But Parwana’s laughter disappears as she returns home, a small hut with dirt walls, where she’s reminded of her fate: she’s being sold to a stranger as a child bride.
The man who wants to buy Parwana says he’s 55, but to her, he’s “an old man” with white eyebrows and a thick white beard, she told CNN on October 22. She worries he will beat her and force her to work in his house.
But her parents say they have no choice.
The parents gave CNN full access and permission to speak to the children and show their faces, because they say they cannot change the practice themselves.
“Day by day, the numbers are increasing of families selling their children,” said Mohammad Naiem Nazem, a human rights activist in Badghis. “Lack of food, lack of work, the families feel they have to do this.”
An impossible choice
Abdul Malik, Parwana’s father, can’t sleep at night. Ahead of the sale, he told CNN he’s “broken” with guilt, shame and worry.
He had tried to avoid selling her — he traveled to the provincial capital city Qala-e-Naw to search unsuccessfully for work, even borrowing “lots of money” from relatives, and his wife resorted to begging other camp residents for food.
But he felt he had no choice if he wants to feed his family.
“We are eight family members,” he told CNN. “I have to sell to keep other family members alive.”
The money from Parwana’s sale will only sustain the family for a few months, before Malik has to find another solution, he said.
Parwana said she hoped to change her parents’ minds — she had dreams of becoming a teacher, and didn’t want to give up her education. But her pleas were futile.
On October 24, Qorban, the buyer, who only has one name, arrived at her home and handed 200,000 Afghanis (about $2,200) in the form of sheep, land and cash to Parwana’s father.
Qorban didn’t describe the sale as a marriage, saying he already had a wife who would look after Parwana as if she were one of their own children.
“(Parwana) was cheap, and her father was very poor and he needs money,” Qorban said. “She will be working in my home. I won’t beat her. I will treat her like a family member. I will be kind.”
Parwana, dressed in a black head covering with a colorful floral garland around her neck, hid her face and whimpered as her weeping father told Qorban: “This is your bride. Please take care of her — you are responsible for her now, please don’t beat her.”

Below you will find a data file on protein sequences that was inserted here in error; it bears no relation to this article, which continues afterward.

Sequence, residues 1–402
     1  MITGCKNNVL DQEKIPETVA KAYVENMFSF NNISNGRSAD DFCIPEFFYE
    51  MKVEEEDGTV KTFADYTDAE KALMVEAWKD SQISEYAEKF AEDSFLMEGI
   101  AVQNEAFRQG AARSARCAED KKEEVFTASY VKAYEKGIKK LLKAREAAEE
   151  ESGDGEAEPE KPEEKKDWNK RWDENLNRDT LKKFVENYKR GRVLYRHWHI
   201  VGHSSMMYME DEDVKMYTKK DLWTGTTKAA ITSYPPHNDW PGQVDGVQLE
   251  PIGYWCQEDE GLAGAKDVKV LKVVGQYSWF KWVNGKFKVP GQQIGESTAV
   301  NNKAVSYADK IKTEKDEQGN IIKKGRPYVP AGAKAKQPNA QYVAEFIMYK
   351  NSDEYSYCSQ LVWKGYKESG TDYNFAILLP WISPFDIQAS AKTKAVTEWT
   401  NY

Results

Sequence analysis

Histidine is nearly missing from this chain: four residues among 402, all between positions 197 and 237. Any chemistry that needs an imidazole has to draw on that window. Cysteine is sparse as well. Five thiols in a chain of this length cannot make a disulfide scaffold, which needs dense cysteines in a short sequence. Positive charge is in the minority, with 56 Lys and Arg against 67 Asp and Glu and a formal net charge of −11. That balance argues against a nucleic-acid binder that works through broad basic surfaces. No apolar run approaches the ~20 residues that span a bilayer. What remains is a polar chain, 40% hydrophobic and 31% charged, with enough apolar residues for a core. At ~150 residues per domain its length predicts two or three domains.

Qorban agreed, then gripped Parwana’s arm and led her out the door. As they left, her father watching by the doorway, Parwana dug her feet into the dirt and tried to pull away — but it was no use. She was dragged to the waiting car, which slowly pulled away.
Since the Taliban’s takeover, stories like Parwana’s have been on the rise.
Though marrying off children under 15 is illegal nationwide, it has been commonly practiced for years, especially in more rural parts of Afghanistan. And it has only spread since August, driven by widespread hunger and desperation.
Nearly 677,000 people have been displaced this year due to fighting, according to the UN Office for the Coordination of Humanitarian Affairs (UNOCHA). Many of them live in tents and huts in internal displacement camps like Parwana’s family.
“It’s absolutely cataclysmic,” said Heather Barr, associate director of the women’s rights division at Human Rights Watch. “We don’t have months or weeks to stem this emergency … we are in the emergency already.”
“As long as a girl is in school, her family is invested in her future,” said Barr, from Human Rights Watch. “As soon as a girl falls out of education, then suddenly it becomes much more likely that she’s going to be married off.”
And once a girl is sold as a bride, her chances of continuing an education or pursuing an independent path are close to zero.
Many are too young to be able to consent to sex and face complications in childbirth due to their underdeveloped bodies — pregnancy-related mortality rates for girls aged 15 to 19 are more than double the rate for women aged 20 to 24, according to UNFPA.
‘I don’t want to leave my parents’